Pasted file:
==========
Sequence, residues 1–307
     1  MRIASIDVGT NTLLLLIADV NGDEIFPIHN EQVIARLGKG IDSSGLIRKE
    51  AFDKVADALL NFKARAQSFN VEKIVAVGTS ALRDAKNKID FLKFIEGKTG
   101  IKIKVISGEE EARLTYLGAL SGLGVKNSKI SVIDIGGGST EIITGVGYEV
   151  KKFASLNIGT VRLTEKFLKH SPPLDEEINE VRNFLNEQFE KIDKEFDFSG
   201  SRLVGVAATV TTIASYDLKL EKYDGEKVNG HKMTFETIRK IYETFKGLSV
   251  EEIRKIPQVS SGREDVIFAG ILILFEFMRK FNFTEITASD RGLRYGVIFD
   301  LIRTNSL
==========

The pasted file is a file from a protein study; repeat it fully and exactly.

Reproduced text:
Sequence, residues 1–307
     1  MRIASIDVGT NTLLLLIADV NGDEIFPIHN EQVIARLGKG IDSSGLIRKE
    51  AFDKVADALL NFKARAQSFN VEKIVAVGTS ALRDAKNKID FLKFIEGKTG
   101  IKIKVISGEE EARLTYLGAL SGLGVKNSKI SVIDIGGGST EIITGVGYEV
   151  KKFASLNIGT VRLTEKFLKH SPPLDEEINE VRNFLNEQFE KIDKEFDFSG
   201  SRLVGVAATV TTIASYDLKL EKYDGEKVNG HKMTFETIRK IYETFKGLSV
   251  EEIRKIPQVS SGREDVIFAG ILILFEFMRK FNFTEITASD RGLRYGVIFD
   301  LIRTNSL